With six conservatives on the court, the Alliance Defending Freedom, a national conservative litigation group seeking to undermine equal rights for LGBTQ people—and which was consistently losing at the lower court levels– accelerated its efforts to get appeals to the U.S. Supreme Court.

One case it had in the pipeline was 303 Creative v. Elenis. It involved a website designer, Lorie Smith of Colorado who was willing to say that she was opposed to same-sex marriage for religious reasons and that she had “worries” that a same-sex couple might come to her and ask her to design a wedding website for them. If a gay couple did, she said her Christian beliefs would require her to say no, thus putting her in violation of Colorado’s law against discrimination based on sexual orientation in public accommodations.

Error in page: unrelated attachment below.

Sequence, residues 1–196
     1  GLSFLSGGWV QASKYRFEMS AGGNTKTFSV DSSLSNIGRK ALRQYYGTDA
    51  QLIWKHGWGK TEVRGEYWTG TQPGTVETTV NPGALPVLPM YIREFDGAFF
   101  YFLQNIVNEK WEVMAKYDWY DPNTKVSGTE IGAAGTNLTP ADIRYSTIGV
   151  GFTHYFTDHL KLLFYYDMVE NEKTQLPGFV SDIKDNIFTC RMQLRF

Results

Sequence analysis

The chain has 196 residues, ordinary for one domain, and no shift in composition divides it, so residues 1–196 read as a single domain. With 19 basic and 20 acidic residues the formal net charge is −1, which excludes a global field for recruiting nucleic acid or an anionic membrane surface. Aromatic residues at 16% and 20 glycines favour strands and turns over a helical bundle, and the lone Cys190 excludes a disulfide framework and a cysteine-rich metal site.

There was no evidence that any same-sex couple had ever asked her, and this is a particularly interesting point. Typically, courts won’t take a case unless there is a real –not imagined— conflict. Presumably, the Alliance could not find a website designer who ever faced a real conflict, so it proceeded with Smith and her “worries.” The litigation lost in the district court (which noted that Smith had not been faced with a same-sex couple’s request) and lost in the federal appeals court (which said Smith’s religious beliefs did not exempt her from obeying the law that applies to all businesses).

The next key turning point was when the Colorado attorney general’s office conceded that Smith’s plans to start designing wedding websites would constitute an “expressive” activity –or speech— protected by the First Amendment. Many, if not most, wedding websites simply take information and photos which a couple provides and plug those into existing website templates. Smith claimed that she would pour herself into the creation of each website, so much so that the couple’s wedding website is really her speech, not theirs. So, if Colorado forced Smith to create wedding websites for same-sex couples’ weddings, it would be abridging her First Amendment right to free speech.